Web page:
# Inequality of two independent random variables

My question is related to this one but more specific. Inequality on two random variables

We have two continuous random variables, $X$ and $Y$. We know that the expected value of both is 0 (or more generally, they have equal expected values). We know that they are independent. But we are not sure if they are identically distributed. Can we say that $P(X>Y)=P(X<Y)=0.5$?

In case, the above information is not adequate to claim $P(X>Y)=P(X<Y)=0.5$:

I performed a sampling experiment in R to test this. I sampled 1000 values of $X$ and $Y$ each from normal distribution, with means 0 but different values of standard deviation. The proportion of observations such that $X>Y$ was indeed $\sim$0.5. So, I am tempted to say that if independence and equality of means is not adequate to make the claim, symmetrical distributions should be adequate. Do we really need the two variables to be identically distributed? Is independence and equality of means sufficient for $P(X>Y)=P(X<Y)=0.5$?

• What you want to prove is not generally true. A simple counterexample is when both $X$ and $Y$ have Bernoulli distributions. Concerning your second question (at the end), a very simple modification of the demonstration at stats.stackexchange.com/questions/256444 will work for continuous joint distributions.
– whuber
Aug 7, 2018 at 11:46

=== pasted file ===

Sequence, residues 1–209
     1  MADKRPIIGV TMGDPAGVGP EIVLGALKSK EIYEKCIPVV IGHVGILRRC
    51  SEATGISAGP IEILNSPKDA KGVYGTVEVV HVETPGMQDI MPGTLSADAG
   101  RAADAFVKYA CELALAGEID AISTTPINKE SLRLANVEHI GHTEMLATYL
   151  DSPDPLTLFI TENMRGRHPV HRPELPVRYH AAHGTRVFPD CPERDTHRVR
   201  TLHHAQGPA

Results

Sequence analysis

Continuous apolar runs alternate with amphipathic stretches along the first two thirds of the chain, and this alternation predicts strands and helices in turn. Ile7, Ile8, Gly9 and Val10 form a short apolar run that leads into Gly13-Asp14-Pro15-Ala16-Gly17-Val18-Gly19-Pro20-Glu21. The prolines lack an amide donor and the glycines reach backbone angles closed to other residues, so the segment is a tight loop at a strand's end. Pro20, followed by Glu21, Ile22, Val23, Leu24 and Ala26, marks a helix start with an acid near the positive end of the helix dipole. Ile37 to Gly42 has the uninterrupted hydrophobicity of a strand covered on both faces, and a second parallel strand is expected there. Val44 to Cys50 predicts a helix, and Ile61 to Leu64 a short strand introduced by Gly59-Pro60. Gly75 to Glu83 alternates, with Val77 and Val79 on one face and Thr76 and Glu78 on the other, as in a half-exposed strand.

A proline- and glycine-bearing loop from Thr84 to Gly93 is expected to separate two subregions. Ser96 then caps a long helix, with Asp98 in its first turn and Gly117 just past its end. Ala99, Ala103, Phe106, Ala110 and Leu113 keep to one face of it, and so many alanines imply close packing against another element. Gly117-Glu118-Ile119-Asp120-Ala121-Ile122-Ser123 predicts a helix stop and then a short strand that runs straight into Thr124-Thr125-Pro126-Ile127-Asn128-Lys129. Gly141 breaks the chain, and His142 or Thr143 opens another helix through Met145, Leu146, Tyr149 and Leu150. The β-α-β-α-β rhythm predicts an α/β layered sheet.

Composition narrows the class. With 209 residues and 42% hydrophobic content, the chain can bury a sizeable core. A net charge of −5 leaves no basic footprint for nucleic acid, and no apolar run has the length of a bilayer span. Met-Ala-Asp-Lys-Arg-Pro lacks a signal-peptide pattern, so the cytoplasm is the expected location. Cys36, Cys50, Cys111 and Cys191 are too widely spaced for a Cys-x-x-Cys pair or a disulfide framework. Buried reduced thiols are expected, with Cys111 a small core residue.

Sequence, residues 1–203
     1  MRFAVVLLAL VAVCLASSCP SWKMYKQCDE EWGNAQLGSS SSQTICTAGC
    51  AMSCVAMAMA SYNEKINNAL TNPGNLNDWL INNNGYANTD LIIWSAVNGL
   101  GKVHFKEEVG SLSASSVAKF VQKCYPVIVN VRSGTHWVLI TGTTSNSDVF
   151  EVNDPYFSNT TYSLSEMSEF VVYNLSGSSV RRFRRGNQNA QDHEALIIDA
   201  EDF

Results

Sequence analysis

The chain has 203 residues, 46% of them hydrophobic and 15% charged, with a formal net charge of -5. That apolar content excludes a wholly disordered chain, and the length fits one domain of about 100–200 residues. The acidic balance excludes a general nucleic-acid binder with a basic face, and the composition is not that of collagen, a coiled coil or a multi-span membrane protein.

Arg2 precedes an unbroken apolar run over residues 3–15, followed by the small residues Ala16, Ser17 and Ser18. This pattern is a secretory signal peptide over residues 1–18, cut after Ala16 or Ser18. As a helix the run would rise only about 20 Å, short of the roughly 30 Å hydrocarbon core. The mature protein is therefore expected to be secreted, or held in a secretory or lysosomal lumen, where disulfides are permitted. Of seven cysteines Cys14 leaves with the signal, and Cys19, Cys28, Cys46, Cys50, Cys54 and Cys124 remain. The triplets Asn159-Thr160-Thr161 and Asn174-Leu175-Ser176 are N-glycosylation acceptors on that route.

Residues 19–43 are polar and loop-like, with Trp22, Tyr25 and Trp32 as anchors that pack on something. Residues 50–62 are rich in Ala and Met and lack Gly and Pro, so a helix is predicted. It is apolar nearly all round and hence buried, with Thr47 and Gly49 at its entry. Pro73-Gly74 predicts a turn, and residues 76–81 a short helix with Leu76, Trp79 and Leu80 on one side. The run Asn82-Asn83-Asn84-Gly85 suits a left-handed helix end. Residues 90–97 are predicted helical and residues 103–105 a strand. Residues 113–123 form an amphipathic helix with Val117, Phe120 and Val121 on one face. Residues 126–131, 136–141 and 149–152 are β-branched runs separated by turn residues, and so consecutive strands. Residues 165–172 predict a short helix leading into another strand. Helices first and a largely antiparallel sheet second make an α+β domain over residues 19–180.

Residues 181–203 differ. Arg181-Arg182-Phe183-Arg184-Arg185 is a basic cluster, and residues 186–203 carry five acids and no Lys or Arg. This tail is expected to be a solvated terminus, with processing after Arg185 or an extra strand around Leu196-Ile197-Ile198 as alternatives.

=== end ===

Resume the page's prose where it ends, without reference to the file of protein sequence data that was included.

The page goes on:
• @whuber I did mean continuous random variables. I have edited the question.
– Mr K
Aug 7, 2018 at 12:48
• @whuber Please let me know if I am correct. On thinking more, I am wondering if even independence is required. As long as each of $X$ and $Y$ have equal means and symmetrical distributions, $P(X>Y)=P(X<Y)=0.5$ should be true. If we imagine the joint continuous distribution in 3D, the $X=Y$ plane divides the probability surface in two halves. By symmetry, both halves should have equal volumes under their portions of probability surface. Hence, the result.
– Mr K
Aug 7, 2018 at 14:45
• Yes, that's the fundamental idea.
– whuber
Aug 7, 2018 at 16:37

In simple words, for continuous random variables that are independent and symmetrically distributed around 0, $P(X=x, Y=y)=P(X=-x, Y=-y)$. Hence, $X>Y$ and $X<Y$ should be equally likely. Importantly, $X$ and $Y$ do not have to be identically distributed.

Assuming that the sampling distributions for $X$ and $Y$ are symmetrical about 0. $P(X>Y)$ can be expressed in terms of $P(\left| X \right| > \left| Y \right|)$ and $P(\left| X \right| < \left| Y \right|)$:

$P(X>Y) = P(\left| X \right| > \left| Y \right|)P(X>0 | \left| X \right| > \left| Y \right|) + P(\left| X \right| < \left| Y \right|)P(Y<0 | \left| X \right| < \left| Y \right|)$.

But $P(X>0 | \left| X \right| > \left| Y \right|) = P(X>0)=0.5$ and similarly, $P(Y<0 | \left| X \right| < \left| Y \right|) = P(Y<0)=0.5$. Hence, $P(X>Y) = 0.5\left[P(\left| X \right| > \left| Y \right|) + P(\left| X \right| < \left| Y \right|)\right]$.

Similarly, $P(X<Y) = P(\left| X \right| < \left| Y \right|)P(Y>0 | \left| X \right| < \left| Y \right|) + P(\left| X \right| > \left| Y \right|)P(X<0 | \left| X \right| > \left| Y \right|)$.

Again, $P(X<0 | \left| X \right| > \left| Y \right|) = P(X<0)=0.5$ and $P(Y>0 | \left| X \right| < \left| Y \right|) = P(Y>0)=0.5$. Hence, we get, $P(X<Y) = 0.5\left[P(\left| X \right| > \left| Y \right|) + P(\left| X \right| < \left| Y \right|)\right]$.

To summarize, $P(X>Y) = P(X<Y)$ and since $P(X=0)$ for continuous variables, they are both equal to 0.5.

• This argument is problematic. Your first equation requires much better justification, because it doesn't appear to follow from any standard relationship among random variables. The entire proof implicitly assumes $\Pr(X=0)=\Pr(Y=0)=0.$
– whuber
Aug 7, 2018 at 11:48